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Hypothyroidism

A 57 years old Malay man presented with complaint of numbness of hands and feet for 2 weeks. It was associated with tiredness and cold intolerant as well. A blood test was done on him, and it revealed following: TSH > 100.0, FT4: 1.8 pmol/L (12-22), FT3: 0.9 pmol/L (3.1-6.8). In addition it also showed total cholesterol of 10.56, TG 3.26, HDL 1.58, LDL 7.5 mmol/L.

A diagnosis of primary hypothyroidism was made and he was started on thyroid supplement. On 13 March 2015, he came back for a follow up. He felt much better but still having tiredness and cold intolerant. A follow up blood test was done again and it showed an improvement of TFT as follows; TSH: 18.34, FT4: 16.5 pmol/L, FT3: 4.2 pmol/L. His thyroid supplements were fine tuned.

Discussion:

Hypothyroidism is a clinical entity commonly seen by the primary care physician. Untreated hypothyroidism can contribute to hypertension, dyslipidemia, infertility, cognitive impairment, depression, myxedema coma and neuromuscular dysfunction. Hypothyroidism is also a common underlying factor in children who are frequently sick such as allergies and viral infections.  The prevalence increases with age. Hypothyroidism may be a result of primary gland failure or insufficient thyroid gland stimulation by the hypothalamus or pituitary gland.  Clinical presentations of hypothyroidism are nonspecific and may be subtle, especially in older persons. These include weight gain, fatigue, poor concentration, depression, diffuse muscle pain, and menstrual irregularities. Symptoms with high specificity for hypothyroidism include constipation, cold intolerance, dry skin, proximal muscle weakness, and hair thinning or loss.

The leading laboratory appraisal of thyroid function is a serum thyroid-stimulating hormone test. Apparent primary hypothyroidism is diagnosed with an elevated serum TSH level and a low serum free T4 level. An increased serum TSH level with a normal range serum free T4 level is consistent with subclinical hypothyroidism. A low serum free T4 level with a low, or inappropriately normal, serum TSH level is consistent with secondary hypothyroidism and will usually be associated with further evidence of hypothalamic-pituitary insufficiency.Family physicians will most commonly encounter patients with primary hypothyroidism as secondary hypothyroidism is present in only 5 percent of cases. In most of the patients, alleviation of symptoms can be achieved through oral administration of levothyroxine, and most patients will require lifelong therapy. In older patients and in patients with heart disease, the initial dosage of levothyroxine is generally 25 mcg or 50 mcg daily, with the dosage increased by 25 mcg every three to four weeks until the estimated full replacement dose is reached. Thyroid hormone increases heart rate and contractility, and therefore increases myocardial oxygen demand.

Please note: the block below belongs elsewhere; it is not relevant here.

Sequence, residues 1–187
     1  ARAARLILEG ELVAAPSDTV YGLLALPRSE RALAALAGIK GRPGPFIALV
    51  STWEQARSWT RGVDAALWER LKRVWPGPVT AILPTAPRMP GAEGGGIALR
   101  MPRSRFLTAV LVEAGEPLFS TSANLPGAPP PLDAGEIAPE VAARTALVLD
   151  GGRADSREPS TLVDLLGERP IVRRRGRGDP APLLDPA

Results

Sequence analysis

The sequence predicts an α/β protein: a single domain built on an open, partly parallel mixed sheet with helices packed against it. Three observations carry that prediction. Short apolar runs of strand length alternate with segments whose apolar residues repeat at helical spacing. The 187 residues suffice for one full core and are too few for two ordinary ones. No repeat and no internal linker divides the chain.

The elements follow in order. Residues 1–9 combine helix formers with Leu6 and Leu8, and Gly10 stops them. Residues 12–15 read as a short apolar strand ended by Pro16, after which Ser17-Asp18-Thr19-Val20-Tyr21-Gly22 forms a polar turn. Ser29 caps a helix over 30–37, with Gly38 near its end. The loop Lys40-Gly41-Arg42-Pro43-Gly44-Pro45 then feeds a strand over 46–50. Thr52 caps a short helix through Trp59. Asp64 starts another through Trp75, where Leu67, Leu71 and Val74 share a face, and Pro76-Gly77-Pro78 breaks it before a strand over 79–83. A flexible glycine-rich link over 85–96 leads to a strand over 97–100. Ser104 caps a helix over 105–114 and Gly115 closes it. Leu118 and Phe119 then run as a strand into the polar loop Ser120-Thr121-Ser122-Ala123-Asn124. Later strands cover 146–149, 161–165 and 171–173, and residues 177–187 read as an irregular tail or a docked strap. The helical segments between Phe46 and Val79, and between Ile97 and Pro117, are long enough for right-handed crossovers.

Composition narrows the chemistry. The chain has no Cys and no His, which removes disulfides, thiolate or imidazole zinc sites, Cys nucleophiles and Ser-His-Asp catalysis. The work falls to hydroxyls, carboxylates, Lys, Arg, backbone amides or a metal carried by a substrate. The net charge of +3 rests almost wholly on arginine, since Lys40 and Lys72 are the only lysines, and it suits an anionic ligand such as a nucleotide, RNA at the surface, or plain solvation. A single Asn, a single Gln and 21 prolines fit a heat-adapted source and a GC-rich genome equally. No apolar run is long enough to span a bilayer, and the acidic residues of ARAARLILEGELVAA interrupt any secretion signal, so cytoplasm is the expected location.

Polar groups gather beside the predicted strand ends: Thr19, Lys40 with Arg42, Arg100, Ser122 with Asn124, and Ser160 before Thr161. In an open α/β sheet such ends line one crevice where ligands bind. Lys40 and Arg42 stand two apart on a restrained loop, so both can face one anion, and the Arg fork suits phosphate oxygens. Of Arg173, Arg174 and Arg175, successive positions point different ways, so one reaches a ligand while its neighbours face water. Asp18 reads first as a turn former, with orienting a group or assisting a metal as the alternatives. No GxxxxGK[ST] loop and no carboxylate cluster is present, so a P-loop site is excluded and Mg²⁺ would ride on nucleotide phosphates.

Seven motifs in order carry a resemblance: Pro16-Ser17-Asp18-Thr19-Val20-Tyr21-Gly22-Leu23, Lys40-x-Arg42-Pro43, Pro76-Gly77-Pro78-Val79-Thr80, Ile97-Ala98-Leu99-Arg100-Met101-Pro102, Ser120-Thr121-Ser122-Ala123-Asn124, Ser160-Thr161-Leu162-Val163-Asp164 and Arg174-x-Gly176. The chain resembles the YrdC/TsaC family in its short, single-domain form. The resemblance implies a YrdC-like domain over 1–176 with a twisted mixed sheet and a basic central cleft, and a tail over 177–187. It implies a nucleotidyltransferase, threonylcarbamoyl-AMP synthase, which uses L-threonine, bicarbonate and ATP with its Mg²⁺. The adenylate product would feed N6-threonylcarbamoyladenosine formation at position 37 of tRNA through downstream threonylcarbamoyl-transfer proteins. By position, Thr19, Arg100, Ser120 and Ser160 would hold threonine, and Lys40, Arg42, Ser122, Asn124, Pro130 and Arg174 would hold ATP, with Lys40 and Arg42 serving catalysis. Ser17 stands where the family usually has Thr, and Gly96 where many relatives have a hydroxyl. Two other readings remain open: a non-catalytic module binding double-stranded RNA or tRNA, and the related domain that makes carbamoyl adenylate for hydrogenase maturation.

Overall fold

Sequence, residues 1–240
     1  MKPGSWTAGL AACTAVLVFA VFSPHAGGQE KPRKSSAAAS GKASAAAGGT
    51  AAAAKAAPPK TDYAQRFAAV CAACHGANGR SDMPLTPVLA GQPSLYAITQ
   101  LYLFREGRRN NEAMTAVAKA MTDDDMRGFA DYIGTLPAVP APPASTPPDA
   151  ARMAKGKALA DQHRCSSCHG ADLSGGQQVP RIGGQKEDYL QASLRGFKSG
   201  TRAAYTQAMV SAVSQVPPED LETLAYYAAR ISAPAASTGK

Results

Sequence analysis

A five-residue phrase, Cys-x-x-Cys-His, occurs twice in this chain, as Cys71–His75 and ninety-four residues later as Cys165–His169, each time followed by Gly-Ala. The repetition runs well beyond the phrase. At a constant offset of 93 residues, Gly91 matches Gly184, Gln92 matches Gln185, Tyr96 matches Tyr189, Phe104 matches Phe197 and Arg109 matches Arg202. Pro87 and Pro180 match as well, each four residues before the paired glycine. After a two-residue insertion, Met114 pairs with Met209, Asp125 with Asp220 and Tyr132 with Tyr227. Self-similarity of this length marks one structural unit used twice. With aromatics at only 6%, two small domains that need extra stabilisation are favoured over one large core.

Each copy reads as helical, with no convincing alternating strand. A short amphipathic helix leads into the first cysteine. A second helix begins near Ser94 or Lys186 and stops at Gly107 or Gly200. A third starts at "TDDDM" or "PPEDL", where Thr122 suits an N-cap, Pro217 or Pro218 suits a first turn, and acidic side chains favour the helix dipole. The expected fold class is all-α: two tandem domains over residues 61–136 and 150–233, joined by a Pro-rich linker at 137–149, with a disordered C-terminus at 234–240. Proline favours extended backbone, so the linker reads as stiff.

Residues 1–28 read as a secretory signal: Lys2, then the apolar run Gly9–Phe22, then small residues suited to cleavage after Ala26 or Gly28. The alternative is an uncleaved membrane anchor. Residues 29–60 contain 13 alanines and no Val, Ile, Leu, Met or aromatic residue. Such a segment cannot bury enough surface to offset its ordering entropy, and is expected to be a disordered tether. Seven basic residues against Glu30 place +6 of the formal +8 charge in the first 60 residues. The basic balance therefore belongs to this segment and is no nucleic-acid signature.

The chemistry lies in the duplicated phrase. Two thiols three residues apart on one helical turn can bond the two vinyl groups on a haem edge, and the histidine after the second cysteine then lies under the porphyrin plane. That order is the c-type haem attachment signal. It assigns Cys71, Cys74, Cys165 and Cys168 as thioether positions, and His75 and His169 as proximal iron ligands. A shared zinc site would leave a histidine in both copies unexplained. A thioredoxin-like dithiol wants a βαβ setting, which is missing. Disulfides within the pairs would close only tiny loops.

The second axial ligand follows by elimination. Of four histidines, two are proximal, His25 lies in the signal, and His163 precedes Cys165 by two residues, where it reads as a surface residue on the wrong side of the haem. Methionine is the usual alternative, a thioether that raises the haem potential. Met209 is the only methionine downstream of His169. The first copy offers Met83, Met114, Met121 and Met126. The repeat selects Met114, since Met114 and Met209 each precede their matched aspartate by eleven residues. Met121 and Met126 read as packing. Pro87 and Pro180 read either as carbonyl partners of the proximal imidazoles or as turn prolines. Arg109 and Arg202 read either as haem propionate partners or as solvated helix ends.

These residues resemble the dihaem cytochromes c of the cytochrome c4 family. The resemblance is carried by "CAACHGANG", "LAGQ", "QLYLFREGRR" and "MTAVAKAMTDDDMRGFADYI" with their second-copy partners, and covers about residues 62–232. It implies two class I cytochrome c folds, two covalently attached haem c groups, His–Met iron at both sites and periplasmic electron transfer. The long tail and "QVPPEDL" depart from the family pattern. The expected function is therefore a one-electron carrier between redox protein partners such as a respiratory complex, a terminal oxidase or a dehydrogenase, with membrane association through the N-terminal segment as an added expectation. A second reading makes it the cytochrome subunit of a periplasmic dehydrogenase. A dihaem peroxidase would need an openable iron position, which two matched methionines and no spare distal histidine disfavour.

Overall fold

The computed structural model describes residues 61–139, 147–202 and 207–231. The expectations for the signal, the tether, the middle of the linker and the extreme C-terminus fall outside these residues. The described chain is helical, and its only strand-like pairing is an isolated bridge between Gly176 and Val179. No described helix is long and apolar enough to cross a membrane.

Consequently, starting at higher doses may precipitate acute coronary syndrome or an arrhythmia.  The overwhelming evidence available in the literature supports the notion that L-T4 monotherapy provides adequate thyroid hormone replacement in patients with hypothyroidism. However, a small subset of hypothyroid patients does seem to have a better quality of life and perform better on cognitive tests when placed on combination T4/T3

therapy. According to one large study, this could be explained by the Thr92Ala polymorphism in the DIO2 gene, which is present in about 15% of the general population. While a prospective trial studying the effect of the Thr92Ala polymorphism on the neuropsychiatric response to combined T3/T4 versus L-T4 monotherapy has yet to be carried out, it is fascinating to contemplate the notion that personalized medicine is rapidly catching up with modern thyroidology.

T4 needs to be converted to its active form T3. Mineral deficiency such as Selenium deficiency and Vitamin deficiency such as B vitamin deficiency makes this conversion difficult for most of us making COMPOUNDED T3 and T4 together as a better choice.  Most hypothyroid patients are left untreated as Drs only accept the diagnosis when the levels of T4 and T3 are below the reference range. However the level for optimum health should be in the 25 th  centile ( about 75 % of the upper limit ) .

Prepared by Dr Lee Cheng Yew.

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